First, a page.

On unrest, the coronavirus, and the economy, most voters see a brighter future with Joe Biden than Donald Trump

Let’s check in briefly with the horse race. In most of the good averages and models, things have been relatively unchanged over the last week. The Economist’s model is showing only a tiny bit tightening, mostly from shifting ground in the swing states:

FiveThirtyEight has the race at Biden + 7.5, “down” (but not really) from Biden + 8.4 last Monday. Their forecast for the November vote is similarly stable.

And finally, in a pretty simple toy election model that I coded up earlier this year, things are similarly stable both nationally and in the competitive jurisdictions:

All of this stability speaks to a fundamental problem for Trump’s chances of re-election: When you’re the incumbent, it’s hard to change voters’ minds—especially in the polarized era. And that brings me to our main discussion.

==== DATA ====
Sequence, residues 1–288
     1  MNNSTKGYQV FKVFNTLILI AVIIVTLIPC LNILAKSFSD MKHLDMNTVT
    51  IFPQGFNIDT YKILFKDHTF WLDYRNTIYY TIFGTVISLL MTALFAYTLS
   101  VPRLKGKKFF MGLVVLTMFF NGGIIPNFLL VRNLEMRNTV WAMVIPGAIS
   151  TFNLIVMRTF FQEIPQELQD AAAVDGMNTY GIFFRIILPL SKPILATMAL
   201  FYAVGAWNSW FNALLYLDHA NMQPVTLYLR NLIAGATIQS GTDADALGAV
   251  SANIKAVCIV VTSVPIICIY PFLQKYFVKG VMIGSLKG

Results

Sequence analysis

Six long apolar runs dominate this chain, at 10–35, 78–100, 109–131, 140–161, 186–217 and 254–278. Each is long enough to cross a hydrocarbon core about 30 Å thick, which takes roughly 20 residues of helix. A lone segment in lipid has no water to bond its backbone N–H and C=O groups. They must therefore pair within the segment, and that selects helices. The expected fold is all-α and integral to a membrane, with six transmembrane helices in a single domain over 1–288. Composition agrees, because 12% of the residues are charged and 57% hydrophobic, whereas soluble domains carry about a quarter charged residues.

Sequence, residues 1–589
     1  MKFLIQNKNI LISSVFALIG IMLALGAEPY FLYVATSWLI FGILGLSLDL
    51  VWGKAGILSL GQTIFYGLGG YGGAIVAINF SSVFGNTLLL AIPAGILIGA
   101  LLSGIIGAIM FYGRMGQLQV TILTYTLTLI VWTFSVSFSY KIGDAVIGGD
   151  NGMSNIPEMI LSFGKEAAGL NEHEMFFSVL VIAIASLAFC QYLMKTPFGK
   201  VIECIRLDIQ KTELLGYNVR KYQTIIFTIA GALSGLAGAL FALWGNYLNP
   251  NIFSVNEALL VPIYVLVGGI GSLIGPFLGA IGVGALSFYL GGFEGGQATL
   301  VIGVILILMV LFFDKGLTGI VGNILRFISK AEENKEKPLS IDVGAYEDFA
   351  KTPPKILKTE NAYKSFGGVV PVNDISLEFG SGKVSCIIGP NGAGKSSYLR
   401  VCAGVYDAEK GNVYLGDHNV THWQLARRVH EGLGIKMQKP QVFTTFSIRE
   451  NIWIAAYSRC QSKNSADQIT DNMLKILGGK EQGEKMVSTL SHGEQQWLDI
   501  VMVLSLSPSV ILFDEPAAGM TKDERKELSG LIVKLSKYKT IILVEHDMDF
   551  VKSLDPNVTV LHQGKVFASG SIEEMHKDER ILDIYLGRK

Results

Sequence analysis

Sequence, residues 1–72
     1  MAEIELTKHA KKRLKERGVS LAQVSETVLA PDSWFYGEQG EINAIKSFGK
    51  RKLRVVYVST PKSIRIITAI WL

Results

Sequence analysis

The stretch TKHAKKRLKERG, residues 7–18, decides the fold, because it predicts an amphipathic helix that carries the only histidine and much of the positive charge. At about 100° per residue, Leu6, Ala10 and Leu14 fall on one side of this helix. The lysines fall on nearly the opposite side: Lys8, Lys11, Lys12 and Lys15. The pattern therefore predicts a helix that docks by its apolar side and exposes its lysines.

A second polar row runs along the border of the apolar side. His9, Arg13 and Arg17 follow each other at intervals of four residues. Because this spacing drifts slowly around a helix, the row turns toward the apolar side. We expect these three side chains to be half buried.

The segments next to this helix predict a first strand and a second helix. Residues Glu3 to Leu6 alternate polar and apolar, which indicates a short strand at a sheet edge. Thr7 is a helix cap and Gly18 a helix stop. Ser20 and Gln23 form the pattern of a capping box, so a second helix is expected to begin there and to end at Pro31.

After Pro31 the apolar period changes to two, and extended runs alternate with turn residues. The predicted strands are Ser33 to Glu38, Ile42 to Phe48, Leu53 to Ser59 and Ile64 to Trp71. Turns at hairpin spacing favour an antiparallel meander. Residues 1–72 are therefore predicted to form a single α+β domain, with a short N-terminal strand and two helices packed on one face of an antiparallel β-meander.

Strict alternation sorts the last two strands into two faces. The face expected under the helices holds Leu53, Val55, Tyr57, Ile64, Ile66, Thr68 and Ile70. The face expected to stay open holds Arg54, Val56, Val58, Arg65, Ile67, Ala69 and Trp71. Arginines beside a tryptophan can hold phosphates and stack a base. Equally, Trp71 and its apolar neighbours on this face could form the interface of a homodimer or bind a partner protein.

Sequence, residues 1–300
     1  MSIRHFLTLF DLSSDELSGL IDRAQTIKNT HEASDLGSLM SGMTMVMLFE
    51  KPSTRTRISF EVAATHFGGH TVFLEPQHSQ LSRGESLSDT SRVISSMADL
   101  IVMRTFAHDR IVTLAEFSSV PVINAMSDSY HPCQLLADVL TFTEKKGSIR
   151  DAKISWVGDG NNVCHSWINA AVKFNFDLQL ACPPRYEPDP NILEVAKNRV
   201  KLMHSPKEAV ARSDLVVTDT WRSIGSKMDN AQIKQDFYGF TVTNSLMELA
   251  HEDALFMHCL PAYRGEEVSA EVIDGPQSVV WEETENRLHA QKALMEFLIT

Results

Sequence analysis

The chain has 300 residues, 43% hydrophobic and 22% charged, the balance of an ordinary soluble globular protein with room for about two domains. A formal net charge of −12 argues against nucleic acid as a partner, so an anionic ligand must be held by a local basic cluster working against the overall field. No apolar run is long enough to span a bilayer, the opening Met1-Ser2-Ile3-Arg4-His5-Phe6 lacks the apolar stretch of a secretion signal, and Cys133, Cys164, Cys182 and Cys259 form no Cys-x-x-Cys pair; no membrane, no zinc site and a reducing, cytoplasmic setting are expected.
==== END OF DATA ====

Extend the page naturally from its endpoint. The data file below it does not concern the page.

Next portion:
On the issues that are most important to voters, Joe Biden leads Donald Trump. On unrest, the coronavirus, and economic growth, most voters see a brighter future with Joe Biden. Let’s take a tour of the data.

According to new data from CBS News and YouGov out this morning, registered voters nationally rate Joe Biden’s ability to address the recent protests in cities such as Kenosha, Buffalo and Seattle higher than Trump’s. By 49% to 30%, they think the former Vice President has been better at calming the situation than making it worse. Those figures are reversed for the incumbent: 47% think he has been trying to encourage fighting, versus 39% who think he is trying to calm people down.